It looks like there’s going to be a rather interesting new chapter in store for the cheerful pink townhouse once owned by famed caricaturist Al Hirschfeld.
The townhouse at 122 East 95th Street has a history that might be as colorful as it’s wonderfully pink-painted exterior–it’s the former residence and studio of legendary cartoonist Al Hirshfeld, who passed away in 2003. It was purchased by Paul and Denise Lachman in 2011, who embarked on a renovation of the five-bedroom, five-bathroom Upper East Side home, before they put it on the market in 2015.
The Upper East Side townhome has many attributes, like 11-foot ceilings and multiple fireplaces, along with a deck, terrace, and a garden, but perhaps the most unique aspect was that, per the listing held by Sotheby’s International Realty broker Serena Boardman, is that “one of his most iconic works of art remains today as a restored mural” in the living room. As the Observer previously reported, however, the fifty-year-old eight-foot “mural” is actually just wallpaper, per Hirschfeld’s longtime dealer Margo Feiden. The work is a reproduction of a series of original Hirschfeld drawings from the 1950s, which features stars including Marilyn Monroe, Frank Sinatra, and Charlie Chaplin.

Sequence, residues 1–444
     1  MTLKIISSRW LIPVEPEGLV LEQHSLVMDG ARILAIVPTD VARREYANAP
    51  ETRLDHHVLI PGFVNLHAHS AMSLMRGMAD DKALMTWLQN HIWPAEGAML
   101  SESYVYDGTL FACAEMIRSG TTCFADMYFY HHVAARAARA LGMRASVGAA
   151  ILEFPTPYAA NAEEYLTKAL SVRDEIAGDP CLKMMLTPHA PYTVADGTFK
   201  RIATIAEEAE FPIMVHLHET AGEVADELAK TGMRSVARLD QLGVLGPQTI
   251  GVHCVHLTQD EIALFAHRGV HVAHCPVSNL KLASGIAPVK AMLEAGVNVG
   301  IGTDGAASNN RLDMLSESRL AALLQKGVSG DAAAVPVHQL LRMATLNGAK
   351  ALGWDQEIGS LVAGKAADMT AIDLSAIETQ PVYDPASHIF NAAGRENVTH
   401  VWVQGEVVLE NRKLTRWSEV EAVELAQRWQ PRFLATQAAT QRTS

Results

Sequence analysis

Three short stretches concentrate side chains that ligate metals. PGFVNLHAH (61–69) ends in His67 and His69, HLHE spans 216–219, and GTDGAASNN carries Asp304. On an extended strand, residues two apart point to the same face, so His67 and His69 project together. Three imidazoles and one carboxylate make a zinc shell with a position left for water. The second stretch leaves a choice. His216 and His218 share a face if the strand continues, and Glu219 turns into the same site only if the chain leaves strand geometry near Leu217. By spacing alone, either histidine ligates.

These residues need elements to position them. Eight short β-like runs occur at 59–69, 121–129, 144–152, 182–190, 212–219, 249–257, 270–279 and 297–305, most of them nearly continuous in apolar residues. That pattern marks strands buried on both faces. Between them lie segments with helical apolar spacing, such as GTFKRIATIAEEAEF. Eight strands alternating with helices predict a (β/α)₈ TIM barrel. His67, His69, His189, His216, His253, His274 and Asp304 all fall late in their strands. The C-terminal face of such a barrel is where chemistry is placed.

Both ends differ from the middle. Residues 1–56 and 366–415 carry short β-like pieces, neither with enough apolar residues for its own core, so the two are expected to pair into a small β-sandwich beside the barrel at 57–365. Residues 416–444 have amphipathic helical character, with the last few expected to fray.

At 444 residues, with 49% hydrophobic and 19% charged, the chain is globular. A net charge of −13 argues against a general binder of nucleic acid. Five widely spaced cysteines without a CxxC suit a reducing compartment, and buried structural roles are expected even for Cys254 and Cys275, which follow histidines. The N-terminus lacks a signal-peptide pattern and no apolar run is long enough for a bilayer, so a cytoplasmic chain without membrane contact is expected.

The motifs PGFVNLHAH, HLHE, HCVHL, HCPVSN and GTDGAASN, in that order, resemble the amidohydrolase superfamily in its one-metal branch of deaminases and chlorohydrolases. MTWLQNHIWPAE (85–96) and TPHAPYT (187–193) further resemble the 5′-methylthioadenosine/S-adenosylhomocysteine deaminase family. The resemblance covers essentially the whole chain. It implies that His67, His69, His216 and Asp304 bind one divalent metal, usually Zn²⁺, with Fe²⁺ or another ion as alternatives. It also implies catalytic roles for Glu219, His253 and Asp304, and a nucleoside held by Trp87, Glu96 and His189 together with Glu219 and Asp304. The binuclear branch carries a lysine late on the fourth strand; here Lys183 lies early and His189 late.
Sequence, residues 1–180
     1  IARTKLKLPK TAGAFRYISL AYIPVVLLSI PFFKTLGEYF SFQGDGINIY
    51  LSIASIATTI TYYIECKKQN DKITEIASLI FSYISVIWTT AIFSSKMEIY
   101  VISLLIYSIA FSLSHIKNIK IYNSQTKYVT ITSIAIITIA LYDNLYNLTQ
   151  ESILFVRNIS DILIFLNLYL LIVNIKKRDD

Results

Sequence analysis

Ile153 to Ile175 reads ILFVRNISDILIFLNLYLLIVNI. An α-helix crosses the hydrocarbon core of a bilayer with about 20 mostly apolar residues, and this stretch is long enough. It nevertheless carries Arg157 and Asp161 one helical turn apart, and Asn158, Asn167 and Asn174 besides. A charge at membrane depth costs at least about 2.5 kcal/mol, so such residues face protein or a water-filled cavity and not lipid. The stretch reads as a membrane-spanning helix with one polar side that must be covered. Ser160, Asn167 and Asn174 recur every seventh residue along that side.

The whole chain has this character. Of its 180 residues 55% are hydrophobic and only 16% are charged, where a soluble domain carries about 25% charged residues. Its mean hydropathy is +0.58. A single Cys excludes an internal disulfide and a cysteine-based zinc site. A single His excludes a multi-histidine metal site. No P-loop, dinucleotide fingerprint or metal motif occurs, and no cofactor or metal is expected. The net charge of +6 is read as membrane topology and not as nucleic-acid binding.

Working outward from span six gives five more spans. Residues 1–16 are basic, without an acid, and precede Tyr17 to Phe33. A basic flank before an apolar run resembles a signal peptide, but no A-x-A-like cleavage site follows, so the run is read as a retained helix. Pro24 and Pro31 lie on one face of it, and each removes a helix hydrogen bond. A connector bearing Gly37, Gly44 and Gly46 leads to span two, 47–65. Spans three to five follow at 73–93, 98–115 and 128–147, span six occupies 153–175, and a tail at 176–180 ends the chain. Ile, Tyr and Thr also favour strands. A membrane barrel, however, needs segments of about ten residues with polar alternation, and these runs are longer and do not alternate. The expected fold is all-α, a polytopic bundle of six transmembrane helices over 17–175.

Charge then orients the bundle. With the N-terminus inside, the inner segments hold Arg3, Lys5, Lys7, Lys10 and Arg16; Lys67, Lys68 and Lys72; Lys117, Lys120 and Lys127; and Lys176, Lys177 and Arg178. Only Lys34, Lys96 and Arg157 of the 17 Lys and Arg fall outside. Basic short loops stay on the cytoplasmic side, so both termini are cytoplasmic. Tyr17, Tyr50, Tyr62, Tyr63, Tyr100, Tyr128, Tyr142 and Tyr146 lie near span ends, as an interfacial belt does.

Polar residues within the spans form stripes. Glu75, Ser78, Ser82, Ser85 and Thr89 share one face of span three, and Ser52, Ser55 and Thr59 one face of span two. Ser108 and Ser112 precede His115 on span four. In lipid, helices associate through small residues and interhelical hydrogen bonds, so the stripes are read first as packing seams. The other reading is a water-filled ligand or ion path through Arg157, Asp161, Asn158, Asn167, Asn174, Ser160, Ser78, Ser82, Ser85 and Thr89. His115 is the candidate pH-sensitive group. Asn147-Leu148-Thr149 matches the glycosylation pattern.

That didn’t seem the deter the new owner, Phyllis E. Battista, who paid $8.25 million to take ownership of the Carnegie Hill abode. It would appear, however, that this is the same Phyllis E. Battista who owns 312 East 86th Street, a townhouse on another Upper East Side block that has a perhaps less…dignified, shall we say, reputation than Hirschfeld’s former abode–Ms. Battista has garnered something of a hoarder. She has reportedly been issued eleven violations by the City Department of Buildings in the last ten years, and in 2015, there were reports and photos of her stoop being covered in broken flower pots, plastic bins, and plastic trash bags.
While neighbors on 86th Street have said that “Nobody wants to talk to her. She’s always yelling at people,” Ms. Battista refuted the claims and said the abuse went both ways–that her neighbors spray her with
Either way, we do hope that she takes better care of Hirschfeld’s famed pink residence in the same—not just maintaining the lovely pink exterior with no trace of peeling paint, but curbing her collecting practice’s to the home’s interior rather than allowing it to spill onto the stoop.